These high-carbon-12 samples were collected from five different locations within Gale Crater, all of which had ancient surfaces that had been preserved over eons.


Because organisms on Earth preferentially use carbon-12 for metabolic processes, enrichment in this isotope in ancient rock samples here is commonly interpreted as a signal of biotic chemistry. Carbon cycles on Mars, however, aren’t well understood enough to make similar assumptions about Red Planet discoveries, according to study team members.


The researchers proposed three explanations for the intriguing carbon signal. The first involves Mars microbes producing methane, which is then converted into more complex organic molecules after interacting with UV light in the Red Planet’s atmosphere. These larger organics then fell to the ground and were incorporated into the rocks sampled by Curiosity.


But similar reactions involving UV light and non-biological carbon dioxide, by far the most abundant gas in Mars’ atmosphere, could have generated the result as well. According to the researchers, it’s also possible that the solar system passed through a massive molecular cloud rich in carbon-12 a long time ago.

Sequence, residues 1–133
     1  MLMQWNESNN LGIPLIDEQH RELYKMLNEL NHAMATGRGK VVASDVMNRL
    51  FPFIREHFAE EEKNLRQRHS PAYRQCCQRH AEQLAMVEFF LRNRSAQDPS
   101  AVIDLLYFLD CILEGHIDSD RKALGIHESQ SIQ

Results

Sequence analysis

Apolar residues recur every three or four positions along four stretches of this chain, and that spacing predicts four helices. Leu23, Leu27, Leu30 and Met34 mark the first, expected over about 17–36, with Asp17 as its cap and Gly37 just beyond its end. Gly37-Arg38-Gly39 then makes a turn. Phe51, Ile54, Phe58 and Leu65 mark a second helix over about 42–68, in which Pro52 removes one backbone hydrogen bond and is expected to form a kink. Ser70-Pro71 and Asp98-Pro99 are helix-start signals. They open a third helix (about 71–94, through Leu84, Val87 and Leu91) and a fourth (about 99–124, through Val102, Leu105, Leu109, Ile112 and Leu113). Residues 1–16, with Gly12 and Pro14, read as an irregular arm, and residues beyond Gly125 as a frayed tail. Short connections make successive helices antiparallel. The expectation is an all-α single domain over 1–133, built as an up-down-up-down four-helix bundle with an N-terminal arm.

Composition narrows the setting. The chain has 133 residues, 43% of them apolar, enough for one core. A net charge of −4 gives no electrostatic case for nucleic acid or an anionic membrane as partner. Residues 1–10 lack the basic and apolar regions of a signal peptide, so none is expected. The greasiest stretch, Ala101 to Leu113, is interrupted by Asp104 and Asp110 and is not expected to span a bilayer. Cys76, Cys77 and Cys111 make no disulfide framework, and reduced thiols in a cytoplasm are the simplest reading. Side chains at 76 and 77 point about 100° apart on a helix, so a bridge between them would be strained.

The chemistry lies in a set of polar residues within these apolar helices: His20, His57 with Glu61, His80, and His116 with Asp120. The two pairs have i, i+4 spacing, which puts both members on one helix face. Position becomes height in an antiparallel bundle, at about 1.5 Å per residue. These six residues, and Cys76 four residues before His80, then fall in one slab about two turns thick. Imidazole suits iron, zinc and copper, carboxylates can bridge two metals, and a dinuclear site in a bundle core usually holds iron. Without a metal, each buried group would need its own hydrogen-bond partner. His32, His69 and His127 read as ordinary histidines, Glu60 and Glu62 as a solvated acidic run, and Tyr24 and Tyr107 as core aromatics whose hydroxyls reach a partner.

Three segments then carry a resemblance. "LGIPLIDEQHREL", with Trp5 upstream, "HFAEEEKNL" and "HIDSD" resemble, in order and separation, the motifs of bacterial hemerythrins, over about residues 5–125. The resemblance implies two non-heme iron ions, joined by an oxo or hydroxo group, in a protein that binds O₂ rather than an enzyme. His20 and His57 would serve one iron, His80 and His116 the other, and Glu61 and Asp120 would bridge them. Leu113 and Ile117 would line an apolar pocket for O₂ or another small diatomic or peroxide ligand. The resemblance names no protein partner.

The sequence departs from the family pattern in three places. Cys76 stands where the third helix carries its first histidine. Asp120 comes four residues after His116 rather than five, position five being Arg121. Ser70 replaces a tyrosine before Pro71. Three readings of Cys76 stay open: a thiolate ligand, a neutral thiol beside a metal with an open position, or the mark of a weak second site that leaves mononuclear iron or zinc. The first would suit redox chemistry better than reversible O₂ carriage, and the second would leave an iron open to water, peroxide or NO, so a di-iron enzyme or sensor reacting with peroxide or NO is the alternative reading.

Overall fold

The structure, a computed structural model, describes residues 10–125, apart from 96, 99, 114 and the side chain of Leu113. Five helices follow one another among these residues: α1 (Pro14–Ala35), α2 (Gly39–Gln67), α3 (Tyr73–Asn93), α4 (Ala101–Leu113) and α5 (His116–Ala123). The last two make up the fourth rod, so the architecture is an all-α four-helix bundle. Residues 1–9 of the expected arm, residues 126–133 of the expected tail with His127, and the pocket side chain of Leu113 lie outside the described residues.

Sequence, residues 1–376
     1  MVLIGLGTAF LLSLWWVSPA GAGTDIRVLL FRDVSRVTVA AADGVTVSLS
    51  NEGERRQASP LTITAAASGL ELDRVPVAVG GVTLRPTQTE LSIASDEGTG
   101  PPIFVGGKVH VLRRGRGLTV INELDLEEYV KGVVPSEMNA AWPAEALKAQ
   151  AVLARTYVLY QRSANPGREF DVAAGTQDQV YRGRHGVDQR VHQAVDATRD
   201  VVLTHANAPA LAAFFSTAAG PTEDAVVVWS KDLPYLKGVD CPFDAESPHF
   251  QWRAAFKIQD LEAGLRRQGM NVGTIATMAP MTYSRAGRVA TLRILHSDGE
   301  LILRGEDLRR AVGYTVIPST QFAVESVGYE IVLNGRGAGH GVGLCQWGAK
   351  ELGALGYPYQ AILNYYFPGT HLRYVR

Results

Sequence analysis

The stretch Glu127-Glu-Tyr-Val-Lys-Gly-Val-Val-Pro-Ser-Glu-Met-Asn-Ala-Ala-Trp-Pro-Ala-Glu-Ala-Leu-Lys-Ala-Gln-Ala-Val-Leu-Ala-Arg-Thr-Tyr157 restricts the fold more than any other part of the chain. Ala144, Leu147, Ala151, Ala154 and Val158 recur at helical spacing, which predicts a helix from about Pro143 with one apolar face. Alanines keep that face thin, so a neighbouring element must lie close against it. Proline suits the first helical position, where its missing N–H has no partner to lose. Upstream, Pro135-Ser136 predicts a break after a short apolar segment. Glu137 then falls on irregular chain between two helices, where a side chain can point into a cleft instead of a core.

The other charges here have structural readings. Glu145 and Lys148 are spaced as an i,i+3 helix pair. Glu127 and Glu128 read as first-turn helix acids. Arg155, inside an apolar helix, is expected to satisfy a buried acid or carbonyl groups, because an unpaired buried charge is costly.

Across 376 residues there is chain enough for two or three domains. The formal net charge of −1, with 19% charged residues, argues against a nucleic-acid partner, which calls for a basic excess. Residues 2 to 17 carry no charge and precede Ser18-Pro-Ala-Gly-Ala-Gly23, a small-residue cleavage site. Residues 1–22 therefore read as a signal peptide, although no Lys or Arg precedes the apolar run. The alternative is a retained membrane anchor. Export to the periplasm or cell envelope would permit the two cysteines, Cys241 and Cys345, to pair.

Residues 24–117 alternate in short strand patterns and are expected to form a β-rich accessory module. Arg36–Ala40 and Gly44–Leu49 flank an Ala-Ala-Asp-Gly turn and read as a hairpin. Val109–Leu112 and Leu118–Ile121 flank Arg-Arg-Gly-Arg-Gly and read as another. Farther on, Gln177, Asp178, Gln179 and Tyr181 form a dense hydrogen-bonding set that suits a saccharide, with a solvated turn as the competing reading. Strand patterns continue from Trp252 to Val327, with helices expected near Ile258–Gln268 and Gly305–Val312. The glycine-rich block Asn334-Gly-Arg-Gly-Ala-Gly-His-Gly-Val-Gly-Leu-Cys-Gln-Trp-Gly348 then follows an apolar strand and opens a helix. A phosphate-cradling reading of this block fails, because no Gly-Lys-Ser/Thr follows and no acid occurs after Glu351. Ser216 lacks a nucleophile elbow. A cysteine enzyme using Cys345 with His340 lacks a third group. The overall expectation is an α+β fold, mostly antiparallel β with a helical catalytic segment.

“All three explanations fit the data,” study leader Christopher House, a Curiosity scientist based at Penn State University, said in the same statement. “We simply need more data to rule them in or out.”


More data needed


The new discovery is particularly intriguing because of the carbon-12 enrichment, but Curiosity has previously detected organic compounds on Mars. The mission team, for example, previously reported the detection of organics in powdered rock samples. On several occasions, the six-wheeled robot has driven through plumes of methane, the simplest organic molecule.


It’s not clear what’s causing Mars’ gaseous methane to form or how old it is. For example, the compound could be produced today by microbes metabolizing beneath the frigid Martian surface. It could also be produced by underground interactions of rock and hot water without the involvement of life. It could also be ancient material that was trapped underground long ago and occasionally “burps” up onto the surface today, produced either by organisms or abiotically.


The researchers proposed three explanations for the intriguing carbon signal. The first involves Mars microbes producing methane, which is then converted into more complex organic molecules after interacting with UV light in the Red Planet’s atmosphere. These larger organics then fell to the ground and were incorporated into the rocks sampled by Curiosity.